Homebuyers in France have been warned of a widespread scam in which criminals hack notaries’ email accounts and then send emails to homebuyers in an attempt to steal large sums of money for the transfer of ownership.
The UFC-Que Choisir consumer association warns people who are considering buying a property to be aware of the scam and advises to recheck any communication sent by your notary or other fund seekers.
To carry out the scam, fraudsters hack notaries’ electronic mailboxes and intercept messages sent to clients that contain certain keywords such as RIB (bank details document), sale (sale), deposit (payment) or transfer. (payment). They then replace the notary’s bank details with their own, often an account abroad, before sending the emails to buyers.
The scam has been reported throughout France but especially in the Nord-Pas-de-Calais region.
In one case, a buyer received an email from their lawyer asking them to pay for the sale.
All of the information in the message was correct, but the buyer noticed that the associated RIB was from a foreign account, which allowed them to avoid the scam.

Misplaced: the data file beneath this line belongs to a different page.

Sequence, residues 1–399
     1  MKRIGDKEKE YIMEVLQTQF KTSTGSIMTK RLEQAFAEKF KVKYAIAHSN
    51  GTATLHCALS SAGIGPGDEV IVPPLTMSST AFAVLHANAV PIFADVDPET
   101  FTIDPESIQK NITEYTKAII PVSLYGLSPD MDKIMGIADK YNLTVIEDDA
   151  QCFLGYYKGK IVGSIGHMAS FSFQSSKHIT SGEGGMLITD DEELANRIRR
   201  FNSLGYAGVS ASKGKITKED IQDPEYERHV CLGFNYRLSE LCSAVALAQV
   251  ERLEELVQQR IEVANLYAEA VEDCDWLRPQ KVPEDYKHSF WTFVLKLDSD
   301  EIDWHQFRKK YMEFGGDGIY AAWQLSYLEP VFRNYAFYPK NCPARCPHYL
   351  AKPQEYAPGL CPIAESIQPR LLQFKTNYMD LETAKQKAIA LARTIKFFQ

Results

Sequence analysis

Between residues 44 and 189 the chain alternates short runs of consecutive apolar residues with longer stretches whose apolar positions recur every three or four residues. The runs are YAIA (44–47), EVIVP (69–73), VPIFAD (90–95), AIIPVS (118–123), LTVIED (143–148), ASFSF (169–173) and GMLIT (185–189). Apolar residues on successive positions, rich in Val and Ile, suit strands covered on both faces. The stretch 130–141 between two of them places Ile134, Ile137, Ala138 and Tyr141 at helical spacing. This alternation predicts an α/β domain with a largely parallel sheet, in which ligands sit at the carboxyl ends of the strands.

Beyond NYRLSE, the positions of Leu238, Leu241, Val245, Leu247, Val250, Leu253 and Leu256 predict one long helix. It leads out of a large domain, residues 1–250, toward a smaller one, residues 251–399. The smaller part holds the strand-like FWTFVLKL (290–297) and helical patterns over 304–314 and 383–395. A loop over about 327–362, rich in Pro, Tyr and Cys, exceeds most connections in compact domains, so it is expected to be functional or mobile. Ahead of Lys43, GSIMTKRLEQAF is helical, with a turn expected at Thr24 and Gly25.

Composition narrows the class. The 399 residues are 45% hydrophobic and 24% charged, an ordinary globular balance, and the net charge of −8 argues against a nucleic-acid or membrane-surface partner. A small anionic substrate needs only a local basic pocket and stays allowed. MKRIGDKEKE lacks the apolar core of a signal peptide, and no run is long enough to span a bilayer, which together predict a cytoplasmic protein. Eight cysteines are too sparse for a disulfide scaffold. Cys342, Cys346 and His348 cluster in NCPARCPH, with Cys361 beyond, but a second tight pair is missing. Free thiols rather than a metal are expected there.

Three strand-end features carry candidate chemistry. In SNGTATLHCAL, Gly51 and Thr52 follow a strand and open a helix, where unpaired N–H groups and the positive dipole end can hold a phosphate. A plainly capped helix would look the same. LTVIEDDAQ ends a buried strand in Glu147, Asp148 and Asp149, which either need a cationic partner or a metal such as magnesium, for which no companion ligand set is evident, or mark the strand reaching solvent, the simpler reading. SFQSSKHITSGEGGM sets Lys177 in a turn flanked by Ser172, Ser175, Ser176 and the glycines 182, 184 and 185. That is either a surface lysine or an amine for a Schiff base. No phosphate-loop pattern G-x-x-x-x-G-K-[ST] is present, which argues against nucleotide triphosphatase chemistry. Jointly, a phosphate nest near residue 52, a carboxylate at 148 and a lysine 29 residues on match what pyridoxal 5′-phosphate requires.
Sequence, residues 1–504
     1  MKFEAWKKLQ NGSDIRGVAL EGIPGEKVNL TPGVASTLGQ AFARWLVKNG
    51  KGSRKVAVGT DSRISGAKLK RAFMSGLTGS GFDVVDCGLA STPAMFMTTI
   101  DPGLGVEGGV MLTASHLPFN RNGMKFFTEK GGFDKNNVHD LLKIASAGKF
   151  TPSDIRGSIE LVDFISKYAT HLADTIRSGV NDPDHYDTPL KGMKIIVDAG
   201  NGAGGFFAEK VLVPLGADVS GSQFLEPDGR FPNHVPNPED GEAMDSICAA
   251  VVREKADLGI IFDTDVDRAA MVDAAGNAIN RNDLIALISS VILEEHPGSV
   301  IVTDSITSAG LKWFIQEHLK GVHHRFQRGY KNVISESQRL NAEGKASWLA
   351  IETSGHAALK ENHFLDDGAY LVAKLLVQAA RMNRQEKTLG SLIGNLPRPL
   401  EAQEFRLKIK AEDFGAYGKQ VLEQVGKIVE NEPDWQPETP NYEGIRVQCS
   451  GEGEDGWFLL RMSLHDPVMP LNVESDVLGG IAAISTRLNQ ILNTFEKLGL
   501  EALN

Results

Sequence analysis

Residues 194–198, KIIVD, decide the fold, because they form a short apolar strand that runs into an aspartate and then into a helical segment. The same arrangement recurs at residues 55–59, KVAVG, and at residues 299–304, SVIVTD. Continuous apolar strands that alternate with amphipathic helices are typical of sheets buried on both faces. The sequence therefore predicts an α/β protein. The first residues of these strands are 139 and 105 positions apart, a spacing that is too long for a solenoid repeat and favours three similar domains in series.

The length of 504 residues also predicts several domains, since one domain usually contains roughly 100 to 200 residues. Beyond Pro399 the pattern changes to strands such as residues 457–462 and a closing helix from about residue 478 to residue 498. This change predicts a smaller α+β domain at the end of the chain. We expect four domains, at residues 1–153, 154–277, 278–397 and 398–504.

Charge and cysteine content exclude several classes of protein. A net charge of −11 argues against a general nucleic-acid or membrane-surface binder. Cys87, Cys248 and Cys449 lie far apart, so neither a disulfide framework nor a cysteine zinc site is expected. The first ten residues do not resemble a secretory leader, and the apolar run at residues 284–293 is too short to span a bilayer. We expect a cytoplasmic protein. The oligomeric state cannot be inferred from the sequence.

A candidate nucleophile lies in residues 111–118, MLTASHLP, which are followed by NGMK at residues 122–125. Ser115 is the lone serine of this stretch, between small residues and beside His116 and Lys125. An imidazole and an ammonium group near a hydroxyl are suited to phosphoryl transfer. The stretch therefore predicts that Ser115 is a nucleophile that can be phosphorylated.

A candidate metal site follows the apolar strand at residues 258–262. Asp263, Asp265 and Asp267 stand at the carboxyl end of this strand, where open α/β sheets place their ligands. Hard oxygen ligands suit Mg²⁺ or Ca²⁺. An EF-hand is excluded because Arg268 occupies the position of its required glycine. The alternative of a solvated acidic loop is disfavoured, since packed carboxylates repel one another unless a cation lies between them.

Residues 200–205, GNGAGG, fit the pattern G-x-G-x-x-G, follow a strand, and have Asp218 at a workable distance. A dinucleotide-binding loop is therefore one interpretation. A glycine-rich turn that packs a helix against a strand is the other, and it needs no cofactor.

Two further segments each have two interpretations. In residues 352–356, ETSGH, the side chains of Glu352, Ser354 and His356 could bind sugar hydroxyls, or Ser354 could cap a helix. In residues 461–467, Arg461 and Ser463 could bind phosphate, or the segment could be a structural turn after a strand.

How to avoid getting ripped off
UFC-Que Choisir has advised anyone involved in a real estate transaction to double and triple check their bank details in any email with an independent source.
This can include calling the notary directly to ask, as well as checking emails against official details of previous correspondence – rather than relying solely on details in an email, even if it appears. legitimate.
For example, if you have a previous bank details RIB for the notary’s office, compare it to the details in the payment request email, to make sure they are the same.
This is not the first time that a scam involving notaries has spread in France in recent times. In September last year, gendarmes warned people to watch out for criminals posing as notaries to rip off recently bereaved people.
Fraudsters have been found to study obituaries and then contact family members claiming to belong to a notary’s office.
What is a notary in France?
Notaries in France have a role comparable in some respects to that of a British lawyer, but a key difference is that notaries are not only professionals but are also public officials and appointed by the Minister of Justice.
In the case of real estate transactions, they are responsible for ensuring that the transaction is done legally, that the deeds are drafted correctly and that the sale is correctly recorded and that all funds are sent to the right parties.
They intervene in the case of physical real estate sales but also for other property issues, such as sales of plots of land and wills and inheritance matters.
There are more than 16,400 practicing notaries and 6,700 main offices in France.
You can check that a notary is in good faith in the official register on notaires.fr.
What to do when our French notary does not answer our calls?
French property: who is responsible for maintaining a party wall?
What if an ex-partner does not want to sell our French property?